Istvan Feher says the Jewish songs the band plays were seared into his memory from a young age.
“There was a Jewish boy in my class at music school, a friend,” Feher says. “And I used to go with him to the synagogue. I fell in love with these prayer songs right away — they just touched me, I felt them in my soul.”
Feher never forgot the music, and later went on to create intricate arrangements for it on the cimbalom and accompanying instruments. And while Jews and Roma in Hungary do share an unspoken bond as a result of the mutual genocide of the Holocaust, perhaps Feher’s connection to the music may be owed to his grandfather Giero.
Gizi herself seems to approach her roots from the Orthodox interpretation of Jewish law. “My father was Jewish, but I’m not,” she says, pausing for a moment. “But maybe I inherited the business sense.”
Gizi has been minding the store for 32 years, and has spent most of her life as an entrepreneur. She moved to Budapest from her birthplace of Balassagyarmat, near the Slovakian border, with her family when she was 14 so her father Giero could play music there.
“I have had shops since ‘81,” Gizi says. “I’ve had a variety shop, a boutique shop, a vegetable stand. This was originally going to be an antique shop, because I loved, and I still love, antiquities. Everything that’s old, everything that’s vintage, I love it.”
“We just try to make ends meet because here in Hungary there is a lot of racism against Gypsies, it’s not good here,” she says. “It’s really hard to keep the business running because there are big fish around me. Many people have tried to put me out of business.”
As in much of Europe, Hungary’s Roma community faces prejudice and disadvantage in nearly every aspect of life, with women and children especially likely to be on the receiving end, according to a recent study. Roma are overrepresented in terms of poverty and the number of children taken from their parents into foster care; they are sometimes segregated into separate classes or even entire schools; and they are frequently victims of housing discrimination — in addition to the everyday prejudices they suffer regardless of social status.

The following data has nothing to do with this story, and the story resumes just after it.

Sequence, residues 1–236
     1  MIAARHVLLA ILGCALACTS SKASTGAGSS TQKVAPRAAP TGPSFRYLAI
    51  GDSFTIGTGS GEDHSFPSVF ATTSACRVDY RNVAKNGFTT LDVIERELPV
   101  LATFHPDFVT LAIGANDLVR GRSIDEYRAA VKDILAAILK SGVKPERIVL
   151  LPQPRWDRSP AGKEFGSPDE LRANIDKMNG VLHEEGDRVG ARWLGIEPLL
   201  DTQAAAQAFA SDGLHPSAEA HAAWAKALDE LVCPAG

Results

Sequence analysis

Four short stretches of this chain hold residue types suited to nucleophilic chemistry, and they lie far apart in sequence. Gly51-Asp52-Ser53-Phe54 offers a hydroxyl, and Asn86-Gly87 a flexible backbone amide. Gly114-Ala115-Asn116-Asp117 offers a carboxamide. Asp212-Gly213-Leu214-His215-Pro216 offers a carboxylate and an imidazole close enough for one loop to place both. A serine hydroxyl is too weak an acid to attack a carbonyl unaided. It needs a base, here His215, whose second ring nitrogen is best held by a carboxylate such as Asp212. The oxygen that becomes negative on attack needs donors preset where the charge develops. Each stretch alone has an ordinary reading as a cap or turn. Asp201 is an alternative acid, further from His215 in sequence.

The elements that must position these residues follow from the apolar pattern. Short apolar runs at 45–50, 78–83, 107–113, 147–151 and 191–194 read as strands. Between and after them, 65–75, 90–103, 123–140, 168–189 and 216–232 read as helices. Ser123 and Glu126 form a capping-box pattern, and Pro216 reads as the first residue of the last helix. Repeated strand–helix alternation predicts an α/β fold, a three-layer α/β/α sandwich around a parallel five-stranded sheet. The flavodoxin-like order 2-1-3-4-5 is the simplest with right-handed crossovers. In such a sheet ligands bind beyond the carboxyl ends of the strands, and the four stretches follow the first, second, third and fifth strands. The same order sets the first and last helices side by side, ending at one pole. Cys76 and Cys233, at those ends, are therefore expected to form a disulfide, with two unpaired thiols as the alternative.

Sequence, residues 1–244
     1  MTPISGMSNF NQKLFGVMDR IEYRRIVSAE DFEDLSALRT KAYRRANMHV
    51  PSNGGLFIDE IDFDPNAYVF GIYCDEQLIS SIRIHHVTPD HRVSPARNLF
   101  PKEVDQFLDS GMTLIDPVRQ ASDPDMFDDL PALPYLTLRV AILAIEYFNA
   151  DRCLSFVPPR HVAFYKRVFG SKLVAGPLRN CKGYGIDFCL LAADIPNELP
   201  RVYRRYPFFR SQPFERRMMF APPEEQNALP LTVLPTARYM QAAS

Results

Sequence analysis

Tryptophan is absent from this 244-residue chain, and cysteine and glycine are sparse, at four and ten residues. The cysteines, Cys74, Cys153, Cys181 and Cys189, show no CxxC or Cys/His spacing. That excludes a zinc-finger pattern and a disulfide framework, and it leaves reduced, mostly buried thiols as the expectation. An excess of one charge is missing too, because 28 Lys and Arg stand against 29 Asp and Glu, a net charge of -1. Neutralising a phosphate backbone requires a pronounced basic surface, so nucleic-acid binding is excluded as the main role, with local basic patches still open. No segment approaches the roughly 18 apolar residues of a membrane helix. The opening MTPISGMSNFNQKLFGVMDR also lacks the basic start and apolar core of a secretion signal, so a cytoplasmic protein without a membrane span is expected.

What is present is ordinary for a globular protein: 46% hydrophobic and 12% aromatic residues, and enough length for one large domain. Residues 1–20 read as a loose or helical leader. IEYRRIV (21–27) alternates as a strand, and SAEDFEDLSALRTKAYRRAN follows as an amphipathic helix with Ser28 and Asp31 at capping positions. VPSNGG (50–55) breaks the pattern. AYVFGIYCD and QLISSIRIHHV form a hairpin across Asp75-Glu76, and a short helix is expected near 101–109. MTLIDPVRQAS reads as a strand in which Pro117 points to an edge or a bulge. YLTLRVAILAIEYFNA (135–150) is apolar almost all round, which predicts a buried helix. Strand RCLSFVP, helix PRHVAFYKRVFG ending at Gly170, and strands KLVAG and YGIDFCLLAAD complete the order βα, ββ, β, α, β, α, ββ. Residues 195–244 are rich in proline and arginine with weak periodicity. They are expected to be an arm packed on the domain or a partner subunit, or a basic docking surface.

“I’m not going to say that Communism was better,” Gizi says. “But the hate that exists today was absent then. I’m not going to cry for Communism back because they say we’re free now, but for us Gypsies, we have to do so much more to be accepted in every aspect of life.”
“If there’s a job available and nine Gypsy people apply and one white person, they’re going to take the non-Gypsy white one,” she claims. “So I’ll tell you, there’s enough trouble. And not only with Gypsies — the Jews also have plenty of problems here. But with us, we’re a different caste. If our younger generation learns, it can be different — the only way out is to learn, learn, learn. But it’s really difficult even that way, with all the school segregation here.”
If there is one area where Hungarian Roma — albeit a small number of them — are held in high esteem by mainstream society, it is music.
Gizi holds up another photo from her collection. “The reporter who took this picture of me, she’s a journalist in a Fidesz newspaper,” she says. (The ruling Fidesz party is considered by many to be less than sympathetic to the country’s Roma.)
“She always told me that Aunt Gizi — that’s me — teaches the young people of Budapest what good music is. This is Hungarian music, but Gypsies made it world music, because it is world-famous.”
Ironically, Gizi says the very fact that she’s Romani puts the music pub at a disadvantage.
“Yesterday a famous Hungarian film star and his entourage came in, and they were sweethearts. And the foreigners find this place because this is an area with a lot of foreigners, and they hear the music so they come in,” says Gizi. “But I’ll tell you, if this business belonged to someone who wasn’t a Gypsy person, it would go better.”